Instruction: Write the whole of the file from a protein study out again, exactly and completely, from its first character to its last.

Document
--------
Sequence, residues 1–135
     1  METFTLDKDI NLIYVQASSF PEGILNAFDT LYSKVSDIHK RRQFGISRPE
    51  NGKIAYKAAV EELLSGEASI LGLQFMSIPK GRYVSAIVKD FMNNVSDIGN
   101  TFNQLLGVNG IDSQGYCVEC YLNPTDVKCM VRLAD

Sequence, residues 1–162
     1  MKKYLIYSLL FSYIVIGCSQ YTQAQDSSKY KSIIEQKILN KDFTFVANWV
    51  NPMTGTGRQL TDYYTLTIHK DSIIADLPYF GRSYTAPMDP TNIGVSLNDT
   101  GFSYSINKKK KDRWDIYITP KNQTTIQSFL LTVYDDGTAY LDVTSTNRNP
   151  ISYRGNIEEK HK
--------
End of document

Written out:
Sequence, residues 1–135
     1  METFTLDKDI NLIYVQASSF PEGILNAFDT LYSKVSDIHK RRQFGISRPE
    51  NGKIAYKAAV EELLSGEASI LGLQFMSIPK GRYVSAIVKD FMNNVSDIGN
   101  TFNQLLGVNG IDSQGYCVEC YLNPTDVKCM VRLAD

Sequence, residues 1–162
     1  MKKYLIYSLL FSYIVIGCSQ YTQAQDSSKY KSIIEQKILN KDFTFVANWV
    51  NPMTGTGRQL TDYYTLTIHK DSIIADLPYF GRSYTAPMDP TNIGVSLNDT
   101  GFSYSINKKK KDRWDIYITP KNQTTIQSFL LTVYDDGTAY LDVTSTNRNP
   151  ISYRGNIEEK HK